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Bad news for Aussies on Centrelink: ‘Can’t rush it’

Aussies on JobSeeker won’t be getting an increase in the budget next week.

The Centrelink logo on the exterior of a building and Australian cash.
Aussies on Centrelink won't be getting a cash boost in next week's budget. (Source: Getty)

Aussies on Centrelink payments like Youth Allowance and JobSeeker won't be getting a cash boost in next week’s federal budget, but all is not lost.

The Labor government has promised that, while there will not be any payment increases for those on welfare payments, other short-term measures to ease the cost of living will be announced.

Minister for Industry and Science Ed Husic told ABC that, while he understands why some Labor backbenchers have called for an increase to the JobSeeker payment, it was not on the agenda for this budget.

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“I certainly respect what is driving the motivation for a lot of my backbench colleagues. I understand why they have got an interest in it,” Husic said.

“We understand longer-term being able to lift the incomes of some of the lowest-income people in the country is really important.

“You just can’t rush something in for the sake of a budget now. This requires a lot of moving parts to be considered and we will look at that. It is something that has registered within the minds of the government.”

What cost-of-living relief will be in the budget?

We will have to wait for budget night on Tuesday, May 9 to find out all the details, but Husic said the government would be providing some relief to struggling Aussies.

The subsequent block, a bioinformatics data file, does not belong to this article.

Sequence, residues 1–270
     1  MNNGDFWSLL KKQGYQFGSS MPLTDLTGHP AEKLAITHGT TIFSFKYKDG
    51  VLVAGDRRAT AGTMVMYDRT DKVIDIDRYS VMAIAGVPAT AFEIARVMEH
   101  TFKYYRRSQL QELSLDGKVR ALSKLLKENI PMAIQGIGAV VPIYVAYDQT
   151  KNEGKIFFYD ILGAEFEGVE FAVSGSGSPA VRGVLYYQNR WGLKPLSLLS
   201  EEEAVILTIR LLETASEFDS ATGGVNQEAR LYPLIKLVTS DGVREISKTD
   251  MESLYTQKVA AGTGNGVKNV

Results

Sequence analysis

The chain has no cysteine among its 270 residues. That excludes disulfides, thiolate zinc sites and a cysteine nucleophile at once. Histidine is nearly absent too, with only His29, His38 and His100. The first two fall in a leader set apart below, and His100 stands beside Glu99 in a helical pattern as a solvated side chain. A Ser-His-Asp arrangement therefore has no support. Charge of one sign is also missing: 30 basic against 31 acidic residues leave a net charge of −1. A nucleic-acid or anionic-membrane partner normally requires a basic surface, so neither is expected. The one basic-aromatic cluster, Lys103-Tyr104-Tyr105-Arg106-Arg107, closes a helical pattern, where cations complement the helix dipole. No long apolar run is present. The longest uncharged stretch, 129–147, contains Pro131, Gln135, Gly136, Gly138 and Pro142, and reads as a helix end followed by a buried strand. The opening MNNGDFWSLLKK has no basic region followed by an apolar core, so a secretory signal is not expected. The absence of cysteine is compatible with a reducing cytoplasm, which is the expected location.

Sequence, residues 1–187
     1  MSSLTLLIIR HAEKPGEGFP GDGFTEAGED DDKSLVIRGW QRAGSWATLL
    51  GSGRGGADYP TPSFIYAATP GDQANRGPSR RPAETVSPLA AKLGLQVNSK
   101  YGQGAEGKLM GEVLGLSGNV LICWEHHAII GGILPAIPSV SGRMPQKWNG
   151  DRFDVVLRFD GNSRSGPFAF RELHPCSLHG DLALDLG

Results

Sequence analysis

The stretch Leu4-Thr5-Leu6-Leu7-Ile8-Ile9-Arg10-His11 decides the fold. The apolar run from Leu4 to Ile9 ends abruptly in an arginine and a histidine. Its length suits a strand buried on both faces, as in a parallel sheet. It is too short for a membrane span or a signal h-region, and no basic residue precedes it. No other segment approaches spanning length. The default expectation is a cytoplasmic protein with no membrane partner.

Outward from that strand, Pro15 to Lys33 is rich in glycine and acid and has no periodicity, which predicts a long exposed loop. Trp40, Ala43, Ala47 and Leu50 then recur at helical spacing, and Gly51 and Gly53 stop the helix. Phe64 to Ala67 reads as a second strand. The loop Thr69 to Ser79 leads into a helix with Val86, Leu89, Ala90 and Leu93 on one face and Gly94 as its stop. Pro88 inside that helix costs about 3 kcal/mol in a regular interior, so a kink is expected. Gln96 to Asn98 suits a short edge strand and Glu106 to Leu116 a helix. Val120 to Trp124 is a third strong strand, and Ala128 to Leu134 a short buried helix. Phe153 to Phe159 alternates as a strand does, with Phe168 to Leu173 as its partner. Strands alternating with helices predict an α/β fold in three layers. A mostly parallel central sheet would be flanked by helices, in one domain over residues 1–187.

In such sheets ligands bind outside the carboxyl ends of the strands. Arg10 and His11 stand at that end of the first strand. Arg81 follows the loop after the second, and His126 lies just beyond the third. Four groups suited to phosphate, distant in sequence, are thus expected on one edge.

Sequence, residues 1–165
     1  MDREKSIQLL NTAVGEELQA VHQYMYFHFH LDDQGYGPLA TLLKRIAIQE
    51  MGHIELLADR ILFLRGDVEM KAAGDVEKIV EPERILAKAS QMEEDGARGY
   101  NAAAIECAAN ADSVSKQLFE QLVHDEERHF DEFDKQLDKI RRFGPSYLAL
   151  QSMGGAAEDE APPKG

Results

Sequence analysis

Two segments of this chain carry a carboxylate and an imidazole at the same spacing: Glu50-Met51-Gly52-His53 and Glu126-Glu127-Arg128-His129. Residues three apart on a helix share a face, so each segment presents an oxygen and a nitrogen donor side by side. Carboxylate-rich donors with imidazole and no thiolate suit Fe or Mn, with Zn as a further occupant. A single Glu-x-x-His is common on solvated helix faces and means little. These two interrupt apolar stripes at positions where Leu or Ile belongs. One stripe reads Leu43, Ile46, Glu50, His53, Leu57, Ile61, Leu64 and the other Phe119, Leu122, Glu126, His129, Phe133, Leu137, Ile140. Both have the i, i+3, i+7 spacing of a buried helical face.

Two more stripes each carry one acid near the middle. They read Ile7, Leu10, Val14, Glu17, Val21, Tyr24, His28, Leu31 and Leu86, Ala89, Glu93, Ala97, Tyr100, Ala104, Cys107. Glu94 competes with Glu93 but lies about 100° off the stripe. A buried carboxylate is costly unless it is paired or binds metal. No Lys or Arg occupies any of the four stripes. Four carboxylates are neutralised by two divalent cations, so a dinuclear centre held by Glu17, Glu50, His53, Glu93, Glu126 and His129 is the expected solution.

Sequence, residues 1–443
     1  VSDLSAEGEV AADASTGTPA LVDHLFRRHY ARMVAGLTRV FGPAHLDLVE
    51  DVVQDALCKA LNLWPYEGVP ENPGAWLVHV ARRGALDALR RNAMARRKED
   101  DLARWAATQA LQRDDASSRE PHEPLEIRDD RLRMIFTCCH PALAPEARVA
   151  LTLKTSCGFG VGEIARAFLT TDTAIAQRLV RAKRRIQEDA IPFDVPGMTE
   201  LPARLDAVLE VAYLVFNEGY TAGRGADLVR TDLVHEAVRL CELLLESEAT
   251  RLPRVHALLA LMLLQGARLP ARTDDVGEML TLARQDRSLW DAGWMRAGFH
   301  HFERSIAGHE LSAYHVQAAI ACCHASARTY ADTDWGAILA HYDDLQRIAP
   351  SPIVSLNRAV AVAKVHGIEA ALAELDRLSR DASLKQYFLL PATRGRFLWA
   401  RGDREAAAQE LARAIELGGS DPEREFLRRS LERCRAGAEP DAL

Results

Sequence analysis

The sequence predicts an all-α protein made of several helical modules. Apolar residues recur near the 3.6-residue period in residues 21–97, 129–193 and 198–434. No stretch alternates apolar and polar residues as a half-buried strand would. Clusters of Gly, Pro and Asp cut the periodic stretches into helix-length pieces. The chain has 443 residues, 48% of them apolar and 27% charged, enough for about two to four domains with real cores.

“We have short-term measures that we are looking to announce to give people cost of living relief, but there is a longer-term consideration that needs to be given and we will do that in due course,” he said.

So far, we know that Aussies on medication will be able to get more for less after the government announced that, from September 1, Aussies will be able to buy two months’ worth of medicines for the price of a single monthly prescription.

At the same time, young Aussies who take on extra responsibilities caring for their loved ones will see a $768 cash boost to help them study.

Single parents could also be a big winner. Finance Minister Katy Gallagher said the budget would aim to “support the most vulnerable Australians”, with many thinking the government may help single parents.

The Women’s Economic Equality Taskforce and the Economic Inclusion Advisory Panel have both called on the government to raise the children’s cut-off age above eight years.

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